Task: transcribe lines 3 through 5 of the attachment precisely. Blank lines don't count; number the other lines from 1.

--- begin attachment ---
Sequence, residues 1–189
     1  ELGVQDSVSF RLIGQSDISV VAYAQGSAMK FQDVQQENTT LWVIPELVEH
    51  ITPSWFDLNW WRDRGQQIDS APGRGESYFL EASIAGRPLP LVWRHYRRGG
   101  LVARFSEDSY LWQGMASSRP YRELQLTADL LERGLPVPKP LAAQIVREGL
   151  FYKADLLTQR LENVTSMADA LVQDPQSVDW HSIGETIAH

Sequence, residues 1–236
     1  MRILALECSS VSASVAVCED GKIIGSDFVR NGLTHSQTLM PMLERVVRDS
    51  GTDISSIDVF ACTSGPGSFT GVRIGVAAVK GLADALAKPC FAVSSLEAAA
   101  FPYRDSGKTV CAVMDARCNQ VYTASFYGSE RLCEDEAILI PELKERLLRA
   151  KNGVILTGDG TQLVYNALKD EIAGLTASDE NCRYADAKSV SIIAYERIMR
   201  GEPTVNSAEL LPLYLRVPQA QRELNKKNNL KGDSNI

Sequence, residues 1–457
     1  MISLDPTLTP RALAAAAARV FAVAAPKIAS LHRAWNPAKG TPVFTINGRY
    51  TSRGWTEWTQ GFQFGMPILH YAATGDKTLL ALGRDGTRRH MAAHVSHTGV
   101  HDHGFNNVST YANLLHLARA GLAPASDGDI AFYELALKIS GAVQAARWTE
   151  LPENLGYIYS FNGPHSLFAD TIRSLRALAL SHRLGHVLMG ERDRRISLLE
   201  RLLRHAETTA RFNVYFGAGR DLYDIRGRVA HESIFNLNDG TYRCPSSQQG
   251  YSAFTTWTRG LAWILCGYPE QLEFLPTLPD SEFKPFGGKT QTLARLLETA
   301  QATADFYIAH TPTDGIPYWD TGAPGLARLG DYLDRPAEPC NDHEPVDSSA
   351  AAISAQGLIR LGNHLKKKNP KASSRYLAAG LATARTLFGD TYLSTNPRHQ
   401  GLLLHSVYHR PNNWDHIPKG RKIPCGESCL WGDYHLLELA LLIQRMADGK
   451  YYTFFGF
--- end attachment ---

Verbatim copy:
    51  ITPSWFDLNW WRDRGQQIDS APGRGESYFL EASIAGRPLP LVWRHYRRGG
   101  LVARFSEDSY LWQGMASSRP YRELQLTADL LERGLPVPKP LAAQIVREGL
   151  FYKADLLTQR LENVTSMADA LVQDPQSVDW HSIGETIAH